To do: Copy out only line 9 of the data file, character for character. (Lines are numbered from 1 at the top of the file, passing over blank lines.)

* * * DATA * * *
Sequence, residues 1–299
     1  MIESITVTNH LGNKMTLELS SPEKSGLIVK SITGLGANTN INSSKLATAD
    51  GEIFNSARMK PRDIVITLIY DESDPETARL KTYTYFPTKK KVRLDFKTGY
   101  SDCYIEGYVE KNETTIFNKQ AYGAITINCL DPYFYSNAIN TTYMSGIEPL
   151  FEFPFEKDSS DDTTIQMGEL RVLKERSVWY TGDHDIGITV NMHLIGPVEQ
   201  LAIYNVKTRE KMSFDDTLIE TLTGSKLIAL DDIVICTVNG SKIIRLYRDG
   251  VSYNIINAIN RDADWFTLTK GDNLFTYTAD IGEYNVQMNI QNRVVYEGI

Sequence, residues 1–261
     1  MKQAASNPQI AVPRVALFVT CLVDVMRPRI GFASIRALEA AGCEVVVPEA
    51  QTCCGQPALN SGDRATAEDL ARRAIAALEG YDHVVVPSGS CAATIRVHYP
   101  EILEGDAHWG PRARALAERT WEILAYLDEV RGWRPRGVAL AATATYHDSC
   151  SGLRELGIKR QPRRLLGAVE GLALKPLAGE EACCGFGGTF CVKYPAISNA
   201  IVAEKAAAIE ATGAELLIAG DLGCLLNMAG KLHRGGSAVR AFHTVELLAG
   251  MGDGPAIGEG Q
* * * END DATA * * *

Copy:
     1  MKQAASNPQI AVPRVALFVT CLVDVMRPRI GFASIRALEA AGCEVVVPEA